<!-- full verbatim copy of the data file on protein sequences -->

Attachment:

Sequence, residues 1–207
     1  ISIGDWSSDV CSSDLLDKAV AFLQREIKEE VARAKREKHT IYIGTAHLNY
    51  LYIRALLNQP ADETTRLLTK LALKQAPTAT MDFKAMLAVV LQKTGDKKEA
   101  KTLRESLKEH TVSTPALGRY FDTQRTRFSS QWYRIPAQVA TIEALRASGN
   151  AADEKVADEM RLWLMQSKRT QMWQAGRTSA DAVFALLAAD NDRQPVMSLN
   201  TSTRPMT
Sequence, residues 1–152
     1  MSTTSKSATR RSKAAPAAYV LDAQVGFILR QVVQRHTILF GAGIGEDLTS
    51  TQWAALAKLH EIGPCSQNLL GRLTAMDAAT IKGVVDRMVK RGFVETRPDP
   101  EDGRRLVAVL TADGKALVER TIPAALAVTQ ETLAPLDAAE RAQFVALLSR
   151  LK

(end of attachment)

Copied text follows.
Sequence, residues 1–207
     1  ISIGDWSSDV CSSDLLDKAV AFLQREIKEE VARAKREKHT IYIGTAHLNY
    51  LYIRALLNQP ADETTRLLTK LALKQAPTAT MDFKAMLAVV LQKTGDKKEA
   101  KTLRESLKEH TVSTPALGRY FDTQRTRFSS QWYRIPAQVA TIEALRASGN
   151  AADEKVADEM RLWLMQSKRT QMWQAGRTSA DAVFALLAAD NDRQPVMSLN
   201  TSTRPMT
Sequence, residues 1–152
     1  MSTTSKSATR RSKAAPAAYV LDAQVGFILR QVVQRHTILF GAGIGEDLTS
    51  TQWAALAKLH EIGPCSQNLL GRLTAMDAAT IKGVVDRMVK RGFVETRPDP
   101  EDGRRLVAVL TADGKALVER TIPAALAVTQ ETLAPLDAAE RAQFVALLSR
   151  LK